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Galerie Olivier Castaing : Stephan Gladieu : Homo Detritus


This gallery of full-length portraits produced in 2020 in Congo Kinshasa by Stephan Gladieu, is imbued with the narrative power of his previous series, and imbued with his chromatic DNA, which gives each of its images a real augmented reality on the borders of spirituality. and a galaxy of super heroes ready for some intergalactic battles.

Of battle it is, but it is above all to generate awareness to the inexorable accumulation of waste that is denaturing the planet, as much our oceans and here the African continent.

The second largest country in Africa, the Democratic Republic of Congo has one of the richest subsoils in the world in gold, coltan, diamonds, cobalt, oil … and yet remains the 8th poorest country on the planet.

The DRC is a geological scandal.

“What is born from the earth returns to the earth” said Euripides … In the DRC, we have corrupted the virtuous circle by transforming nourishing earth into trash.

Another paradox: from the waste that buries the slums of Kinshasa an artistic movement was born that borrows a lot from the approach of Arte Povera, a protest movement of the consumer society at the end of the 1960s in Italy.

It cries out its urgency to live and no longer to survive in the rubbish and injustice of the world.

Cell phones, plastics, plugs, synthetic foam, inner tubes, fabrics, electrical cables, syringes, capsule boxes, spare parts for cars, cans, everything is raw material – and yet already final! – to denounce the chaos in which the Congo is held.

Covered with a full mask made from rubbish, a generation of artists rises and unites in a collective thirst to claim the primary and visceral need to create and denounce. If the Congo has partly lost its animist and mystical traditions, dissolved under the pressure of the Catholicism of the former Belgian colonists, these young artists are returning to the traditional source of the African mask. An inhabited mask, bearer of spirit, symbol of an overflow.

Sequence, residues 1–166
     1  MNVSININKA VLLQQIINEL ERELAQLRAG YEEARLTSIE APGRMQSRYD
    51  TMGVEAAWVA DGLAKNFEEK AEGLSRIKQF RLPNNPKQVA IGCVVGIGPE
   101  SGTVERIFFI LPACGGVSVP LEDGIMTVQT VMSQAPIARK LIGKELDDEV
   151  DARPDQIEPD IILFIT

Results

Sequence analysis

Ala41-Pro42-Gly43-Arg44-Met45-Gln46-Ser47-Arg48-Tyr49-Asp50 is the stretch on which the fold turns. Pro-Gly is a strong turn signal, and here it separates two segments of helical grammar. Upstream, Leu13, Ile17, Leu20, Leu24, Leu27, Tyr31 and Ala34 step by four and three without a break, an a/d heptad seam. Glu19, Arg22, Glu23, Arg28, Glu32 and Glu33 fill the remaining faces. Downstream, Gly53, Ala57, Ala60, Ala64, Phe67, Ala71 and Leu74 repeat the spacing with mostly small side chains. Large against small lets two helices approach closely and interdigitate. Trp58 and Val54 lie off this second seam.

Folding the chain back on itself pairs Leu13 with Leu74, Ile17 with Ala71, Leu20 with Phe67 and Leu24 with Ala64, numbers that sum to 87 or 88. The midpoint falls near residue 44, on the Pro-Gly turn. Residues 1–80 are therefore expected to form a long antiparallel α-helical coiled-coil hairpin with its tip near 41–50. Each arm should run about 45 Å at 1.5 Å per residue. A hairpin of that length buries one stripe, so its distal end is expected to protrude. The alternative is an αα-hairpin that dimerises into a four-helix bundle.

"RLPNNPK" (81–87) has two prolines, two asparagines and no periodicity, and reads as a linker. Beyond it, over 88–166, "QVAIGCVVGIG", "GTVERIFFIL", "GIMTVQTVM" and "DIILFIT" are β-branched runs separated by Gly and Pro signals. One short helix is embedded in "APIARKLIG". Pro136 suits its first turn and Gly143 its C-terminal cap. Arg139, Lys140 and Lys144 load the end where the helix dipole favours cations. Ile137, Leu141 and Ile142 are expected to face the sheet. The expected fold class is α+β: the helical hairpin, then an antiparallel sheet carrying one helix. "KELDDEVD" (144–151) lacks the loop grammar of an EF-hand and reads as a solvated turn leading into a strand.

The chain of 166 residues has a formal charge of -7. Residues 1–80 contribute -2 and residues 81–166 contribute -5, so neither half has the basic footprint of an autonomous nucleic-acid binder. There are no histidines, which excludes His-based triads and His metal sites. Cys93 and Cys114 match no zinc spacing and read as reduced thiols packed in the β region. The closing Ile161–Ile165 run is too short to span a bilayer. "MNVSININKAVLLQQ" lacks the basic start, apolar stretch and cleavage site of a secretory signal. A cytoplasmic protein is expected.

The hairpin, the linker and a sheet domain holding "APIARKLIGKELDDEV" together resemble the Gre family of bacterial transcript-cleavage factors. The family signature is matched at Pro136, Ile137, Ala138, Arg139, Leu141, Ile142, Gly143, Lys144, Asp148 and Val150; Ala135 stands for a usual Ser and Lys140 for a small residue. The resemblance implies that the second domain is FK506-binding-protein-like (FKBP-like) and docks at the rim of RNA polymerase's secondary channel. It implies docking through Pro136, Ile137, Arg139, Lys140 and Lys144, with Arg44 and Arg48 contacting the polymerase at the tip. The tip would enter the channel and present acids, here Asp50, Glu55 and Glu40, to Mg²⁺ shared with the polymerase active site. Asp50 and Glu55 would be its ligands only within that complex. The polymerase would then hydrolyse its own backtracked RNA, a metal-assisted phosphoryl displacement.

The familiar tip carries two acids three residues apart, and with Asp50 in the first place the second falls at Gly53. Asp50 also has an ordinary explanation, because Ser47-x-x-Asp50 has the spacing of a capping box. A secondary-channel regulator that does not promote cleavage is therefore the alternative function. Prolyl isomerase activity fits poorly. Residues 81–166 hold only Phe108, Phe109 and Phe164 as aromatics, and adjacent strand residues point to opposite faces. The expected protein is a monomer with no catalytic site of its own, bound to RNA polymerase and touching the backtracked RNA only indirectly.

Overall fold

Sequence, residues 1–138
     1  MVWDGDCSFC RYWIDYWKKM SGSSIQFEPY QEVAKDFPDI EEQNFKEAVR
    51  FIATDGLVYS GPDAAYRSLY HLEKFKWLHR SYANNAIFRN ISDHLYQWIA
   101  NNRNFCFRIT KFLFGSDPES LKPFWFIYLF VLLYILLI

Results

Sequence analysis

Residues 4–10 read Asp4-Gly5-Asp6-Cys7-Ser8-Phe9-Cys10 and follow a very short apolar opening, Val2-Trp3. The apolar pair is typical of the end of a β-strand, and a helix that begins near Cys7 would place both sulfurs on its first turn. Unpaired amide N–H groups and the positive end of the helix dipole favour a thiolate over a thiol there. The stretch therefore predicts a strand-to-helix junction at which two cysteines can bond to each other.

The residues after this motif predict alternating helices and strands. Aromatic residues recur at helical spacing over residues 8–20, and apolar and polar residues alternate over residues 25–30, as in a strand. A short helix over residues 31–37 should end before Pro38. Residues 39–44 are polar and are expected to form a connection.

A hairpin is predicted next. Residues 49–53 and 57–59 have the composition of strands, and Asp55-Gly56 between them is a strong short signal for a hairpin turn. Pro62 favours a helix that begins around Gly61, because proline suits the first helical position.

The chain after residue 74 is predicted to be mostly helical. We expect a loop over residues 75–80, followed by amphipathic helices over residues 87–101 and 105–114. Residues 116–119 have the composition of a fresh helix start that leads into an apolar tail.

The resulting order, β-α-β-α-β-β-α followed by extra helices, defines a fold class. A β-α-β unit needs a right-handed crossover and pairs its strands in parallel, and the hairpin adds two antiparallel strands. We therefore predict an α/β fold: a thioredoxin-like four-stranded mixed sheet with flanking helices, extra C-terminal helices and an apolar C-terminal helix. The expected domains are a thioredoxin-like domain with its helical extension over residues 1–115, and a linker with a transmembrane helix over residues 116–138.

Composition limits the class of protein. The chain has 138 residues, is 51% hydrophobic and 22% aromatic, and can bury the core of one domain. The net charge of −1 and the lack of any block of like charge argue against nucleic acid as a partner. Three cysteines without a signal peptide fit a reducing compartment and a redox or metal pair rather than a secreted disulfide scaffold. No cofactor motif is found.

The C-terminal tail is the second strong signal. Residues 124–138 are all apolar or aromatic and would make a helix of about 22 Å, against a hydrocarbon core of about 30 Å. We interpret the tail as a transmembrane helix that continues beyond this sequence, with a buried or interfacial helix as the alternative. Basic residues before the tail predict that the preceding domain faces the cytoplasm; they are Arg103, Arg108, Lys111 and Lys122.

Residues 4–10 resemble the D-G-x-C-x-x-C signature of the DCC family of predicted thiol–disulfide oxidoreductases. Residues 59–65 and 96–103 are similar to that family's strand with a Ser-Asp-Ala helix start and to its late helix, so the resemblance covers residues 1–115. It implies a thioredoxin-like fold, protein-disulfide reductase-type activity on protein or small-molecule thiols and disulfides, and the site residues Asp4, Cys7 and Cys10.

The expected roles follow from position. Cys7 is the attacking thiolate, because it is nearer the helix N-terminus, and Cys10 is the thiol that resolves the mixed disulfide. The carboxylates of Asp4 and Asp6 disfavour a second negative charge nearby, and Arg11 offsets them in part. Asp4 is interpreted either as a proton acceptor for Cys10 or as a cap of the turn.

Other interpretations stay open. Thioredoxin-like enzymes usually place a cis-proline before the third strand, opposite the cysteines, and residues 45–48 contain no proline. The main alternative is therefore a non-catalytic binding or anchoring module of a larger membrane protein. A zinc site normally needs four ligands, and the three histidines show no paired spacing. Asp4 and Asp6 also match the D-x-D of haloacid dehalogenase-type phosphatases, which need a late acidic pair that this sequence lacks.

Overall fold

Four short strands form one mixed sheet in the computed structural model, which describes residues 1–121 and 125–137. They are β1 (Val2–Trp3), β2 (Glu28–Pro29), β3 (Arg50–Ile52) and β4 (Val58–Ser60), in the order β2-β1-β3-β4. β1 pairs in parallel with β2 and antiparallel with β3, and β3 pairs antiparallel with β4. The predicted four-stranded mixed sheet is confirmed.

This collective is “Ndaku, la vie est belle”; founded six years ago by the artist Eddy Ekete. Today it brings together nearly 25 artists, almost all trained at the Academy of Fine Arts in Kinshasa.

Painters, singers, visual artists, musicians, they all came together to denounce the tragedy of their daily lives, the wars that have resulted from it, the exploitation of women and men that results from it and ferments the unfathomable misery that deprives them of all dignity.

Originally, these artists had one thing in common: they had no resources, no support. Inhabitants of slums, they naturally found in the waste an abundant and free raw material. Eddy created the first mask, paving the way for the young artists around him.

“The collective welcomed me for two weeks to carry out this artistic project which is part of the continuity of my work. I remained faithful to my photographic biases by choosing to carry out the portraits in the streets of Kinshasa, the decor and the character responding to each other.

The street is the common story of these artists. Their collective organizes street performances to raise awareness among the authorities and residents. It was therefore legitimate to place them back in the reality of the Kinshasa ghettos.”


Stephan Gladieu : Homo Détritus

May 25 – July 10, 2021

Galerie Olivier Castaing

322 rue Saint Martin / 75003 Paris


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